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Everyone needs to calm down about Trudeau’s “peoplekind” comment

On February 1st, Trudeau hosted a town hall at McEwan University in Edmonton. During the question period, two women posed a “question” that was more like a speech, regarding funding for charities and religious groups from the government. At one point, they mentioned how their group, which presents God as a Mother rather than Father figure, benefits “mankind.” Trudeau, jokingly, said “We like to say peoplekind.” Then everybody freaked out.

People are mad about the whole thing for a couple of reasons. Some say that Trudeau was “mansplaining” to these women, condescending to them instead of taking their question seriously. While this would be a totally valid reason to be angry if it were true, as someone who was present when the comment was made, it is unequivocally not what happened.

Trudeau mentioned at the beginning of the town hall that audience members should attempt to keep their questions short, so that he could answer as many as possible. By the time he made his “peoplekind” comment, the women had been speaking—sans question — for more than a few minutes. Audience members were getting restless, shouting out “Ask a question!” If anything, Trudeau’s comment was an attempt to diffuse a tense situation.

On the other hand, some supporters believe that this was a progressive comment. To be honest, this is also a little bit ridiculous. Sure, a lot of our English language is geared towards patriarchal institutions — words like “mankind” reveal a society that was initially built on the achievements of men, while erasing women. But while semantics may be important, recent revelations about sexual abuse in Canadian government, the ongoing issue of missing and murdered Indigenous women, and the continued difficulty some women face in achieving workplace promotions and pay equity are a lot more important. Trudeau’s “peoplekind” comment does little to solve any of those problems.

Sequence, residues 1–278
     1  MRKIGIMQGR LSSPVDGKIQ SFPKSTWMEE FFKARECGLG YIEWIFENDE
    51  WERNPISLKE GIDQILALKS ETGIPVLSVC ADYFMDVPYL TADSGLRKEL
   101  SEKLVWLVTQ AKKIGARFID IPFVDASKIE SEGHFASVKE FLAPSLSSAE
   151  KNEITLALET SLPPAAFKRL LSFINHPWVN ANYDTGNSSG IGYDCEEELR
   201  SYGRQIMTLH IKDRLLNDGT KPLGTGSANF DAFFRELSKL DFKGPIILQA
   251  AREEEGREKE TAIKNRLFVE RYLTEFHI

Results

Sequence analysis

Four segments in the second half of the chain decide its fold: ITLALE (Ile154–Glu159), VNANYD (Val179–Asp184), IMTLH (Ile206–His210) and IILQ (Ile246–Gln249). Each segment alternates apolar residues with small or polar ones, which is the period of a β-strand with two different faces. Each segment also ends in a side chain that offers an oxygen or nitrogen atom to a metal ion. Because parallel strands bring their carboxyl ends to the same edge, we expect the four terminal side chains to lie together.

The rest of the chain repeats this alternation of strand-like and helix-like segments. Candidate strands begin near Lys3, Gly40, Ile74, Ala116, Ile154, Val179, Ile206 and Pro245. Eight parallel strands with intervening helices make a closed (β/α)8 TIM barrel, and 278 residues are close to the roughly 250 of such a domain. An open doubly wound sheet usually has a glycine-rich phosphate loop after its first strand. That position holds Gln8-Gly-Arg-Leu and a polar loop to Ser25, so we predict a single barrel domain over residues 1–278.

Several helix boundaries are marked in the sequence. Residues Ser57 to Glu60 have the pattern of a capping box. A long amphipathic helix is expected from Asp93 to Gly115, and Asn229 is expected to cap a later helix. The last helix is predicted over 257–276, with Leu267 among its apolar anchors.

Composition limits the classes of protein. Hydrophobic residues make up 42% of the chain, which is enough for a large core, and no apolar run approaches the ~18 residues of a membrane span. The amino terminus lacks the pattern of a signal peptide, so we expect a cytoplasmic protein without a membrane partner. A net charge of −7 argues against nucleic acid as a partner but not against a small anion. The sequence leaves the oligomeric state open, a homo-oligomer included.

The fact that people are so riled up about what was, at its essence, a joke (if a bad one), reveals a serious problem that we as a society face in discussing politics. We act as if every comment is imbued with layers of infinite political meaning. We are quick to condemn or praise politicians for irrelevancies.

Such a lack of political focus in our discussion of our country’s government is dangerous, because it diverts attention from serious issues. Think of everything happening in Canadian politics right now: the Trans Mountain pipeline controversy, the growing list of men in government using their power to prey on women, the controversy over Trudeau’s summer jobs policy, the continued tension over changing our electoral system… the list goes on and on. Yet news media devotes its attention to a comment which, if viewed in context (which is easy to do by accessing the livestream of Trudeau’s town hall online), was plainly pretty meaningless.

Trudeau may not be funny, but he wasn’t “mansplaining,” and he wasn’t making any progress for the cause of feminism, either. If we’re worried about his feminism, we should look at his policies, not his attempts at diffusing tension. If that doesn’t convince you, maybe the response of the young woman Trudeau supposedly “mansplained” to will: she answered Trudeau’s joke with a resounding, “Exactly!”

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